And I get that everyone wants to be attractive, and life is in great part about getting laid, but here's the thing: fat people get laid too. I know plenty of fat people who have happy, healthy sex lives, and I know plenty of skinny people who don't. You know whose sex lives suck? People who worry about their damn weight.

(And don't tell me fat people worry about their weight more. I have known way too many skinny people to fall for that shit.)
jedusor: (madam fatal)
I have a gift for you. It is the first installment in the adventures of Madam Fatal, a superhero who appeared in the aptly named Crack Comics from 1940 to 1942. Madam Fatal was a buff retired film actor who liked to dress up as a little old lady and fight crime using a walking stick and, on two occasions, curtains.

Madam Fatal only appeared twice after Crack Comics was acquired by DC, both times as amusing throwaway gags. But through my efforts, her legacy lives on. I present to you:

Madam Fatal )

How could such genius possibly have been canceled?

EDIT: Also, for the puzzle nerds: a crossword! )
jedusor: (neuron art)
V: is this a step towards or away from self-actualization?
me: ohhhhh do not even get me STARTED on Maslow
me: >:(
V: I want to get you started on Maslow.
me: then I will never get to showering or eating, and then I will never get to your beta
me: is that what you want
me: because if you say yes, I will legit give up cleanliness and food and go on a rant about the failings of psychology as a scientific field
V: It's like you don't know me at all. YES, i want to listen to that rant. Gladly and raptly.
me: okay
much cussing and capslocking, not much respect for current psychology curricula )
jedusor: (neuron art)
"Time makes more converts than reason." --Thomas Paine

Let me start off by saying that I myself am not very good at changing minds. Theoretical understanding of a concept does not necessarily equal practical expertise. I even know exactly what parts of the process I'm bad at, and I'm working on getting better, because I believe this is a very important skill. This is not what I do when I want to persuade people. This is what my study of the decision science literature has led me to believe I (and anyone) should do.

Jonathan Haidt came up with this great analogy to explain how decision behavior works: the rational brain is not a scientist, it's a lawyer. It's not analyzing and fighting the impulses coming out of your emotional brain; it's constantly working to come up with workable justifications for those impulses. For example, there are many logical reasons to be vegan, and I list them when people ask why I chose that lifestyle, but in truth my own path to veganism did not involve much logic at all. I wanted to be vegan because of a visceral distaste for the idea of meat and animal exploitation. I did the research, and I found the evidence to back up my choice, but the choice itself was not rational. I don't eat meat because, in short: corpses, ewwwwww.

When someone's mind is functioning like this, arguments tend to be heated and pointless. (When both people's minds are functioning like this, the arguments are even worse. I'm giving the reader the benefit of the doubt and assuming that the position you're trying to promote is, if not the actual correct position, at least logically defensible.) These instructions are not about how to win an argument, and following them is not a way to make yourself look good to observers. This is about actually instilling doubt in the person with whom you're communicating.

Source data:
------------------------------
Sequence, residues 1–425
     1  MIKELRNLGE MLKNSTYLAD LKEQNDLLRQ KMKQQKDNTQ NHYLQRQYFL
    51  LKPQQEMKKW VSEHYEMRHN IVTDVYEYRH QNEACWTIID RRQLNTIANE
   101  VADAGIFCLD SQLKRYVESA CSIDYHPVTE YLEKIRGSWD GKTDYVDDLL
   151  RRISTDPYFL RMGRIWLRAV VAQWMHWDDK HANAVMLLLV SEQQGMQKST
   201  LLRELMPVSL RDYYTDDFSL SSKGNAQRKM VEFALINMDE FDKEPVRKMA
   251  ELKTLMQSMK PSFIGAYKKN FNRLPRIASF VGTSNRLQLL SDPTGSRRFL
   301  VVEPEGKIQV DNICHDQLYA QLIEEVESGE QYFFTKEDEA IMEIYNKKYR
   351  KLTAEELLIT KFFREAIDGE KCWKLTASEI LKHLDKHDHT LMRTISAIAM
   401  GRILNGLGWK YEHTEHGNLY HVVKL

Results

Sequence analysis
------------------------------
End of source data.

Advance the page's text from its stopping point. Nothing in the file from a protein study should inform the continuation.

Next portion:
1. Don't focus on getting them to agree with you right now. If they end up expressing agreement during just one conversation, either they were already on the fence or they're saying it to shut you up. Think of your goal as getting them to continue considering the topic on their own time.

2. Start by getting them to want to agree with you. Think of ways things would be better for them if they were on your side.

3. Present your facts in I-statements--this is why I believe this, it's my understanding that, etc. Don't make it about them. If you used to agree with them, tell them that, and try to establish commonalities. The more they can see you as a peer and not an obstacle, the more likely you are to get through to them.

4. Don't shove evidence in their face and demand a response. When you ask people to consider facts that counter their beliefs, their beliefs actually grow stronger. This probably has something to do with defensiveness. So try to avoid getting confrontational. Give them things to think about, not things to react to.

5. Wait. This can be hard, but really, these things need time to percolate. It took me years to be ready to challenge my own thoughts about abortion. Some people take decades to be ready to challenge their own thoughts about things like religion. In the meantime, be available to answer questions and provide information, but don't keep bugging them about it. That won't make them any more open to listening to you.

6. Don't get meta. I don't think this is a problem for most people, but it's where I fall hard. I see people expressing certain thoughts, or justifying themselves in certain ways, and I just can't help telling them all about why they believe the things they believe. This does not help. Ever.

This is not to say that heated argument doesn't have its place. Anger is a powerful tool. If you want to fire up people who already agree with you, change laws, start social movements, then torches and pitchforks might be your best bet. Richard Dawkins' "The God Delusion" is a fantastic book for atheists, and for religious people who are already massively disillusioned and looking for evidence to hand their lawyer brains. But it's a terrible book for the currently pious. It's way too confrontational and condescending.